Pisgah Fish Camp, just a stone’s throw from Pisgah National Forest in Brevard, is a family business, founded by Dan and Fran Hawkins. To hear their four children — Dana, Mike, Jeanne, and Chris — tell it, the restaurant feels like a fifth sibling, the one they all took care of as they grew up together, always under the watchful eye of their parents, who are gone now but never lived more than 100 yards from the front door. The entire family worked in the restaurant, willing and able to step up to handle any job in the place. A curious customer once asked his server, “Who’s the bald-headed busboy?” It was Dan.
“Running a restaurant is a rite of passage growing up a Hawkins.”
The Hawkinses opened their first camp in 1968. Dan got the idea while traveling for work and eating at other camps along the way, admiring the easy-going friendliness of these hometown restaurants. But he noticed that there weren’t many west of Morganton. The original Pisgah Fish Camp was in an old cabin that was formerly the Brevard Country Club. Dan moved the business twice, each time to a better, busier, more convenient spot. The current location opened in 1992 in a former auto body shop at the busy intersection of NC Highway 280 and U.S. Highway 276. It was convenient to the Ecusta Paper Mill, too. North Carolina mill history is a reminder of the bond between hourly workers and local fish camps, places where entire families could go out to eat without taking too big a bite out of a Friday paycheck. Traditional mill-town life has nearly vanished in recent years, but Pisgah Fish Camp still lures people looking for a hearty plate for a little cash.
Over the years, there have been as many as six Pisgah Fish Camp outposts, and all four kids have managed at least one. “Running a restaurant,” Dana notes, “is a rite of passage growing up a Hawkins.” He chuckles about the time that he and his best buddy, Ricky Stephens, heard their high school principal’s voice over the loudspeaker, summoning them to the office. Their classmates figured they were in big trouble, but Dana and Ricky knew better: The lunch crowd was huge that day, so Dan had called to tell them to come to work — quick.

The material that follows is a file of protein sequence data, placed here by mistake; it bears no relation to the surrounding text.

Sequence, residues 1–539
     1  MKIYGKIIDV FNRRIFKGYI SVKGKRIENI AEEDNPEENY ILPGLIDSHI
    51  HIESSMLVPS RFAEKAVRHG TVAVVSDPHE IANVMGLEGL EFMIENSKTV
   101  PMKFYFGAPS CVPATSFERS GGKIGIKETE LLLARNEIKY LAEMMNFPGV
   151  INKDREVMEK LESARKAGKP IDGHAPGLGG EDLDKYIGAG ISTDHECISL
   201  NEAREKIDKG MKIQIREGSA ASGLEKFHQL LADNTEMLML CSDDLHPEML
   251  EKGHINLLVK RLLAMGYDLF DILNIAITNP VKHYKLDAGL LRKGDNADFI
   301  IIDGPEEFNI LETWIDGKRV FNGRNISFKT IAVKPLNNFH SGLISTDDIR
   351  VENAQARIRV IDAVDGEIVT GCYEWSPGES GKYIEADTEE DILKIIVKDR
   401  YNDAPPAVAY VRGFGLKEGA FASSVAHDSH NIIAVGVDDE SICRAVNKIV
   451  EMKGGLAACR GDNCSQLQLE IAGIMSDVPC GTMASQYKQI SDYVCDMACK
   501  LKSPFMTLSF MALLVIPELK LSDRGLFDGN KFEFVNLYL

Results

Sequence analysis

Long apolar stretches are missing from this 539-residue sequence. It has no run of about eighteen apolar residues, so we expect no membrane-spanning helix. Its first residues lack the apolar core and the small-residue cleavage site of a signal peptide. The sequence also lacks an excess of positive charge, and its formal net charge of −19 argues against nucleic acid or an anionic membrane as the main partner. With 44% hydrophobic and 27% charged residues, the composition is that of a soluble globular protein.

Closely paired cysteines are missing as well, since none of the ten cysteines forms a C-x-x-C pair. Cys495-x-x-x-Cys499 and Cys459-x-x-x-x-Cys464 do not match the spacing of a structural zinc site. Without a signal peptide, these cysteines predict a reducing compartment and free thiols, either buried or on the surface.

A few years back, the family chose to consolidate and focus on the Brevard spot, with Dana and Jeanne at the helm. If the doors are open, at least one of them is there, seven days a week. Mike is a county commissioner and bookkeeper for the restaurant, and Chris is the chief investigator for the county sheriff’s department, but few days pass when they don’t stop by.
They all talk, sometimes at the same time, about the bond they feel for each other and the family business. “To come and work in a job where I see my brothers is the best part,” Jeanne says. “We were raised to know the importance of keeping family together. Family beyond blood, too. Work family. Church family … ”
Dana quickly adds, “What I do for a living is see my brothers and sister every day. People know they’ll get good food and see 15 people they know. What you see in here is an extended family.”
Then Mike jumps in: “That’s the beauty of still being in this restaurant. We know we’re stacking something good on the community woodpile.”
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Both Dan and Fran have passed away, but it feels as though they’re still the two most important employees, still keeping watch. Just inside the door sits a wooden ladder-back chair that holds a framed photo of a smiling Dan and Fran. Along one wall of the dining room is a mural of their original location, captioned with one of Dan’s many famous quotes: “They told me I was crazy. They said no one would drive that far out of Brevard to eat.” (It was three miles.) Over the cash register, where customers carry up their tickets to pay, hangs another portrait of the former location, this one a diptych painted by Dana’s mother-in-law. Along the left edge of the painting, one can see Dan, standing, as he often did, with his hands in his pockets, next to his old orange van that was as familiar around Brevard as he was.